March 2021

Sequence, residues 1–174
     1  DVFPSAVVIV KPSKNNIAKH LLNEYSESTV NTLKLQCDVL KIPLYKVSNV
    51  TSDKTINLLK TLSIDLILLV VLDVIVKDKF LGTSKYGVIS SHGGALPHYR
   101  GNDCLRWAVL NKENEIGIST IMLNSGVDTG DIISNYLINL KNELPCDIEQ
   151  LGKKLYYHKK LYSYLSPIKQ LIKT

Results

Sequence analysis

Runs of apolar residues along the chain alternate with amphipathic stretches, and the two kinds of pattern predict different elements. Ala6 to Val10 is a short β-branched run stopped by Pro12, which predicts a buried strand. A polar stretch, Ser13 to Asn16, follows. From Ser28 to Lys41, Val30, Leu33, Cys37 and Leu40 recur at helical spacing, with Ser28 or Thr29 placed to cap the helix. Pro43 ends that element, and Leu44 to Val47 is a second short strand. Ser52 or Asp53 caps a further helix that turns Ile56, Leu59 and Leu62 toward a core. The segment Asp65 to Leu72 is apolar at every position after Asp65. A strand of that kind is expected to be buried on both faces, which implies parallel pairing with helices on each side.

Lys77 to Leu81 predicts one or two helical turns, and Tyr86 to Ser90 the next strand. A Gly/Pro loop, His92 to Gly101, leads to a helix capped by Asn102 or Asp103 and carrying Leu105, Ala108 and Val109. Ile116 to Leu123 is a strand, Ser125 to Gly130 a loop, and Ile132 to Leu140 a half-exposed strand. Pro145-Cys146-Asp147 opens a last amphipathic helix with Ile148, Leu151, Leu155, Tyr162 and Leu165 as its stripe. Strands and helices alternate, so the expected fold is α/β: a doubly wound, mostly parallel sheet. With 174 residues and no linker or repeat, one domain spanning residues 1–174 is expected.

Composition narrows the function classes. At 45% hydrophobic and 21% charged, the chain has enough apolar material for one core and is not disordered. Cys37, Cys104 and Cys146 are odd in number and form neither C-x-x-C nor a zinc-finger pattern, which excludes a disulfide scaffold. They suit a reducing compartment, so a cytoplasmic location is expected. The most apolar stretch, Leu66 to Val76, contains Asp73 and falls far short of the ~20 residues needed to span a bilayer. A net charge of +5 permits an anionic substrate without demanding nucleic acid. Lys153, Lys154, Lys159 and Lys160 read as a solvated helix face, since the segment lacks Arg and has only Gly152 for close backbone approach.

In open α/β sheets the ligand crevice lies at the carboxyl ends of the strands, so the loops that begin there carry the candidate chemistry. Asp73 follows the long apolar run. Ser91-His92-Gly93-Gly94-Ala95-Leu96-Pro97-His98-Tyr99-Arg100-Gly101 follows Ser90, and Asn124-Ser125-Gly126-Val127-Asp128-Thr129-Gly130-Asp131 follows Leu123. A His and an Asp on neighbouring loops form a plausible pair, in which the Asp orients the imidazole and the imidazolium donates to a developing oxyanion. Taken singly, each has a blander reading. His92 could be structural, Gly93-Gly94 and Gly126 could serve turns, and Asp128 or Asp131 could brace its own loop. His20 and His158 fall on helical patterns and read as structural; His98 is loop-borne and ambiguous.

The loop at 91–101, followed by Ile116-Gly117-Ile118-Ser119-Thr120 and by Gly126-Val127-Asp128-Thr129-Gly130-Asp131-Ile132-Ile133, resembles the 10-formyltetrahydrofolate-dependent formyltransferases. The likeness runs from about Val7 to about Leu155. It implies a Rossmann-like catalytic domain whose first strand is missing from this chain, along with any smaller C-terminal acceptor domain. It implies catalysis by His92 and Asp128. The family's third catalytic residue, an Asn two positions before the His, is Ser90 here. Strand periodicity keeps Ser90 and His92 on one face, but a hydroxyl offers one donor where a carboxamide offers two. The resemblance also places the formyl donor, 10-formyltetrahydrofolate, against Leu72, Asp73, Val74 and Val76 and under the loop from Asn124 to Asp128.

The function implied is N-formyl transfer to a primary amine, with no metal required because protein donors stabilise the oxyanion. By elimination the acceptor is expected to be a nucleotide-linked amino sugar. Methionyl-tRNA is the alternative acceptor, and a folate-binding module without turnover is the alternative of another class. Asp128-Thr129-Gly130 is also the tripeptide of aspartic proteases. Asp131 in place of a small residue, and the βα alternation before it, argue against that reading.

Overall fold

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Water treatment plant upgrade, City of Greensboro, NC. Water tank protection upgrade, BC Children's Hospital and BC Women's Hospital + Health Centre, Vancouver, B.C. M A R C H 2 0 2 1 | 9 Restoration Products & Services P H OTO G R A P H Y CO U RT E SY X Y P E X C H EM I C A L CO R P.; K RY TO N I N T ER N AT I O N A L Restoration products provide solutions and time-saving benefits to complex projects by ROBIN BRUNET Back To Life I t's no secret that 2020 was a busy year for res- toration projects, especially in the residential sector for obvious reasons, but also in com- mercial/institutional venues across Canada. Brian MacNeil, North American regional manager at Kryton International Inc., says, "Thankfully, concrete construction, includ- ing restoration, fell under essential services during the initial lockdowns, and our contractor network across Canada was busy throughout the year. To cite just one of our products, Krystol T1 is a crucial ingredient to the restoration of BC Hydro facili- ties, protection of in-ground water tanks for the BC Children's Hospital and the BC Women's Hospital + Health Centre, and many other projects." For the Vancouver-based hospital, internal con- crete water tanks to supply emergency drinking water and collect the hospital's wastewater had to be waterproofed. But because they were below grade with no access to the outside of the tanks, a typi- cal waterproofing coating would not have worked on the interior of the concrete walls (it would be too prone to delamination). After considering a polymer-modified cementi- tious coating, the construction team decided to use Kryton's Krystol T1, which would chemically react to water ingress with interlocking crystals that could block any water pathways. For maximum protection, the team also added Kryton Krystol Internal Membrane (KIM) admixture directly to the concrete. Kryton's waterproofing products, all of which employ the company's crystalline waterproofing technology, have grown in variety to the point where they can benefit any waterproofing project, as the City of Waterloo can testify: at first it considered using a brush-applied membrane for the Waterloo Memorial Recreation Complex elevator shaft, one component of a complex upgrade that needed to have exceptional structural and mechanical integrity. But the pandemic, access to labour, a compressed construction schedule, and a strained budget com- pelled the builders to use the KIM admixture plus Kryton's Krytonite Swelling Waterstop to ensure that the elevator shaft's joints would be protected from water ingress. These solutions saved considerable time and required a lot less labour, thus enabling the construction schedule to be accelerated. Les Faure, advertising and promotion director at Xypex Chemical Corporation, believes "infrastruc- ture renovation is something that will get a lot of attention in 2021." Faure cites the upgrade of a water treatment plant in the City of Greensboro, North Carolina, as one of the more interesting recent infrastructure renovations for his company. The city had spent over $14 million rehabilitating the Mitchell plant, whose concrete structures both indoors and out were badly deteriorated by ferric sulphate, lime slurry, sodium hypochlorite, and other chemicals. Paste erosion and freeze thaw damage left nearly two acres of basins with exposed aggregate and isolated large missing pieces. A mortar was needed to replace the missing pieces and cover the aggregate, as well as provide water- proofing, vapour permeability, chemical protection, low shrinkage, and freeze/thaw protection – and it also had to be spray applied. The solution turned out to be Xypex's Megamix II repair mortar. As with all other Xypex coat- ing and repair products, Megamix II contains proprietary chemi- cals that react with the water in concrete and with the byproducts of cement hydration to generate a non-soluble crystalline formation in the pores and cap- illaries of concrete. A Xypex technical team advised on proper prep, application, and finishing techniques, and 4,700 tons of the mortar was applied throughout the basins, vertically as well as hori- zontally. A compressive strength of up to 7,700 psi was achieved at 28 days, and it is estimated that this repair project was five to 10 times less the cost of what it would have been to rebuild the basins. Mapei is another company whose adhesives, sealants, and chemical products are crucial to the successful completion of restoration projects, and J.D. Eckmire, director of sales – Western Canada says, "We are constantly upgrading our product line and invest a lot of research and development to achieve better performance with our products."

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